Acceleration techniques for efficient and accurate particle PDF simulations of large-scale turbulent combustion
MetadataShow full item record
In this time of severe climate change, there is an increasing need for sophisticated simulation tools to facilitate more efficient fossil-fuel based combustion devices with low pollutant and greenhouse gas emissions. In particular, to simulate a turbulent reacting flow, a proper prediction of the interactions between turbulence and chemistry is extremely important. Probability density function (PDF) methods have been shown to capture this strong turbulence chemistry interaction accurately. However, one of the biggest disadvantages of PDF methods is its significantly higher computational cost of solving the chemistry in its exact form compared to other simpler methods, such as flamelet-based models. This necessitates the development of strategies to reduce the cost of PDF type approaches without losing the level of accuracy. Two different categories of techniques to accelerate the process are explored in this thesis. The use of analytical Jacobian is observed to be a promising step to accelerate the chemistry source term integration compared to using numerical Jacobian. Here, a generalized projection-based analytical Jacobian framework is provided that considers all species mass fractions and temperature in the state vector while satisfying the mass conservation constraint consistently. The use of a projection matrix with the analytical Jacobian ensures that the mass fraction vector never goes off its realizable simplex, defined by the constraint, at any time step. This approach provides an accurate solution with different types of solvers, and also predicts the spectral properties of the corresponding dynamical system within round-off errors. Next, the algorithm for generating the analytical Jacobian is combined with a dimension reduction technique, the quasi-steady species (QSS) assumption. An automated algorithm package is developed, which provides the analytical expression of the Jacobian with QSS species, properly integrating all the additional derivatives corresponding to the QSS-derived algebraic expressions, and can be readily implemented in any high-fidelity turbulent simulation. Combining these two techniques (analytical Jacobian and QSS) has shown a significant reduction in the computational cost of a partially stirred reactor (PaSR) simulation. Adaptive chemistry approaches, which tailor the fidelity and size of the kinetic models used for reaction integration to the local flame conditions, have reduced the cost of PDF-type methods due to their ability to accurately describe the relevant combustion kinetics with significantly fewer variables and equations. In this work, two new adaptive chemistry algorithms are developed. The first addresses a key challenge of efficiently capturing the secondary chemistry pathways, such as pollutant formation, in an existing pre-partitioned adaptive chemistry (PPAC) approach. This new algorithm, PPAC-Additive, decouples the secondary chemistry from primary chemistry pathways (fuel oxidation), thus developing smaller reduced kinetic models compared to PPAC. In PPAC-Additive, the reduced models are generated first for main oxidation targets only, and then the important secondary pathways, demonstrated with NOx prediction, are dealt with afterwards in a separate stage. Both PPAC and PPAC-Additive generate the reduced models based on a sample set of compositions in an offline stage, which are then used adaptively during the simulation of interest. In contrast to the current adaptive frameworks, which require extensive pre-processing analysis and assumption, the second algorithm, dynamically partitioned adaptive chemistry (DPAC), is a completely stand-alone adaptive approach with limited need for user input. DPAC generates the reduced models during the adaptive simulation based on the encountered compositions at runtime. DPAC updates the reduced kinetic models continuously as the flame and its compositions evolve in time, making it more flexible and efficient than other existing adaptive chemistry approaches. Both PPAC-Additive and DPAC have shown significant gain in CPU cost and memory requirement compared to a detailed simulation and PPAC in the context of large-scale LES-PDF simulations.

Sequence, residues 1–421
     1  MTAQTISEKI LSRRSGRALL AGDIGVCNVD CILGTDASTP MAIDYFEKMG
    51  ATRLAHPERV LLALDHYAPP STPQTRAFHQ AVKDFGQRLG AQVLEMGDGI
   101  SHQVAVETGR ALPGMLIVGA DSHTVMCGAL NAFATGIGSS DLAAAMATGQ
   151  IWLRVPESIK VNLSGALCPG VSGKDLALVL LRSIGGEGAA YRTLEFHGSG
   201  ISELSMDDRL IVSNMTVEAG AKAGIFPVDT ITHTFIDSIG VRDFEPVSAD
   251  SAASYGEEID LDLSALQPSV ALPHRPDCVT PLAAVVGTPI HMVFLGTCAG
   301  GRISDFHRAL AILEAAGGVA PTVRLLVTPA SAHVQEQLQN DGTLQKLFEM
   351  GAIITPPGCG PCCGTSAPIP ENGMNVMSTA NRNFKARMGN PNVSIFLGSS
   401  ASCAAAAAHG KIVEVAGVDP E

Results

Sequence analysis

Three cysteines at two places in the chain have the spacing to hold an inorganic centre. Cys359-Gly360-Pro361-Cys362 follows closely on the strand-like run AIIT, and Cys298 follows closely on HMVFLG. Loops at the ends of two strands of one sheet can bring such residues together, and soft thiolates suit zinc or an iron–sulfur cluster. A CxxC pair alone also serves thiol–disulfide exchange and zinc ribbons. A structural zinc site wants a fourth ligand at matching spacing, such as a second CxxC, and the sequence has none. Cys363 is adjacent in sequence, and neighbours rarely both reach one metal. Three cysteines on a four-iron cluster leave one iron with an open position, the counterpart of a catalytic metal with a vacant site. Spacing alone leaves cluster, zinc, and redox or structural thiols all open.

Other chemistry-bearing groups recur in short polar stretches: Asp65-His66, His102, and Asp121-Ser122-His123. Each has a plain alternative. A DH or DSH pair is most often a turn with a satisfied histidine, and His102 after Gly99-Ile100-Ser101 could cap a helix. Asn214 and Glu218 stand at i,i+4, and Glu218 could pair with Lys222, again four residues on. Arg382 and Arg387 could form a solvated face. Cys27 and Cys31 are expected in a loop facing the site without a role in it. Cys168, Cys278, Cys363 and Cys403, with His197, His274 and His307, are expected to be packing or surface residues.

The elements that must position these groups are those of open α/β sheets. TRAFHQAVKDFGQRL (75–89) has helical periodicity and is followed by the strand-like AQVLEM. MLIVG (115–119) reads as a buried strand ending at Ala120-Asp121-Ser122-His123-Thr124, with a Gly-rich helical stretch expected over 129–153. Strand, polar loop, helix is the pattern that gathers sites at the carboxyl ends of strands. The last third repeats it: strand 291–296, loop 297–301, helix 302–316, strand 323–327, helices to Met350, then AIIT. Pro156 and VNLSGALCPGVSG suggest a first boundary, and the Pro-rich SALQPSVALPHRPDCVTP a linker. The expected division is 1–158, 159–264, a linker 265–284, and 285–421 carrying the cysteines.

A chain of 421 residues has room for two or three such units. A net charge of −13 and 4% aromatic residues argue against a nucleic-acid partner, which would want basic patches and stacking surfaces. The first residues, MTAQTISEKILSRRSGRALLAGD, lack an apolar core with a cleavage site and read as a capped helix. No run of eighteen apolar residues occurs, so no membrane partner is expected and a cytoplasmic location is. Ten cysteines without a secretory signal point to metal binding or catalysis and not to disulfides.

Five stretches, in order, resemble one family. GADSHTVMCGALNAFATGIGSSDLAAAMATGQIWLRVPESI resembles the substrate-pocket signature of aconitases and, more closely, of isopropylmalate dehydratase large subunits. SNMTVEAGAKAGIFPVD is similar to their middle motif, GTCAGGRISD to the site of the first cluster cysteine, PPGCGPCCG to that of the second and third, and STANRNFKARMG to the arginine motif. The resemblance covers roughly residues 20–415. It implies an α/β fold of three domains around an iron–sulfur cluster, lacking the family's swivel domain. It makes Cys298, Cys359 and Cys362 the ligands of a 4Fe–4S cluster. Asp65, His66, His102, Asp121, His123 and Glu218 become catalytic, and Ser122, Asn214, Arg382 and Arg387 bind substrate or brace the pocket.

Adaptive Chemistry; Analytical Jacobian; Chemical Kinetics; Combustion; DRGEP; LES/PDF
Fisher, Elizabeth M.; Diamessis, Pete J.
Ph. D., Mechanical Engineering
Doctor of Philosophy
dissertation or thesis